Legislators aim to shield foundations from public scrutiny with Georgia law





GEORGIA — A bill that allows public universities to withhold documents and records from the public to protect donor confidentiality was passed in the Georgia House of Representatives and the Senate in April, bucking a nationwide trend of openness.

Public colleges and universities, Republican legislators in favor of the bill argued, are at a disadvantage because foundations at private universities are not required to release information about their donors. Recently, some state supreme courts have ruled that foundations at public universities are subject to open-records laws, which requires the release of documents for public knowledge.

“Foundations are major bodies that are part of institutions, but these bodies have huge ramifications on the policies behind the universities,” said Holly Manheimer, director of the Georgia First Amendment Foundation. “So they’re really powerful institutions that have a lot of decision-making power and can make an impact.”

Thomas Jackson, associate vice president for public affairs at the University of Georgia, supports the bill because he thinks donor privacy is essential for the university to run as well as it can.

The University of Georgia has three employees who work solely for the foundation and about 20 other employees who work for the university and the foundation. Salaries for all employees who work for both the university and the foundation are paid with public money; two of the three employees who work solely for the foundation are paid with public money. The executive director of the foundation is the only employee whose salary is paid with foundation money, Jackson said.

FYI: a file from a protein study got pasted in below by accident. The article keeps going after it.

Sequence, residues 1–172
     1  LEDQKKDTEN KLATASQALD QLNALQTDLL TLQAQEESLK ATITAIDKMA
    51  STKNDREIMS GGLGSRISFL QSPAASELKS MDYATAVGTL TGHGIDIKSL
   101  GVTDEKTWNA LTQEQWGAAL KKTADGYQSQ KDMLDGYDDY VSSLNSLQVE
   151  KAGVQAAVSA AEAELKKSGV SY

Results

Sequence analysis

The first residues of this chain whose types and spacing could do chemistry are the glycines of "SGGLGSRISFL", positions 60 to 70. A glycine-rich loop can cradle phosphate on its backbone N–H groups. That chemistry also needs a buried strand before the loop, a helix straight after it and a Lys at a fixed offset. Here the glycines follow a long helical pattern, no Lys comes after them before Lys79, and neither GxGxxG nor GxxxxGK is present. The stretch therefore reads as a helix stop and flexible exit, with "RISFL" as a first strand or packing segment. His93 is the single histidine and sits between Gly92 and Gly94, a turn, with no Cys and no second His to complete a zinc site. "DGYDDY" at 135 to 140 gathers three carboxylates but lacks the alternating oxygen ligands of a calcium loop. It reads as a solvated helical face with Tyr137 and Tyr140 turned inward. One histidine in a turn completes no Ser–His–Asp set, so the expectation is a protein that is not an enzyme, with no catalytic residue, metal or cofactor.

“There’s a definite chilling effect among donors,” Jackson said. “They’re concerned that under a state with really open public records laws, which Georgia is, that their private financial records would be open to public scrutiny, such as wills, financial transactions, trust agreements. And that’s what this bill is seeking to protect.”

Jackson said that every year the university prints an honor roll of donors, including the amount each donor gave, unless donors specifically request that their names remain anonymous.

“This bill will help set at ease the minds of the donors that their private business will become public record simply because they made a donation to a state university,” Jackson said. “There’s no intention to withhold their names. It’s not a secret who is giving, it’s their personal financial records that are trying to be protected.”

Manheimer said this bill could have devastating effects on the future of Georgia’s openness.

“Public oversight of foundations such as these, including the information that this bill would ultimately conceal, has been critical in exposing prior issues of public concern,” she said.

Manheimer said proponents of the bill testified at the legislative hearing that they feared information about anonymous donors would be disclosed. However, she said, proponents were not able to cite any instance where such exposure took place.

Republican Gov. Sonny Perdue supports the bill, and is likely to sign it into law in late April or early May, Manheimer said.



reports, Spring 2005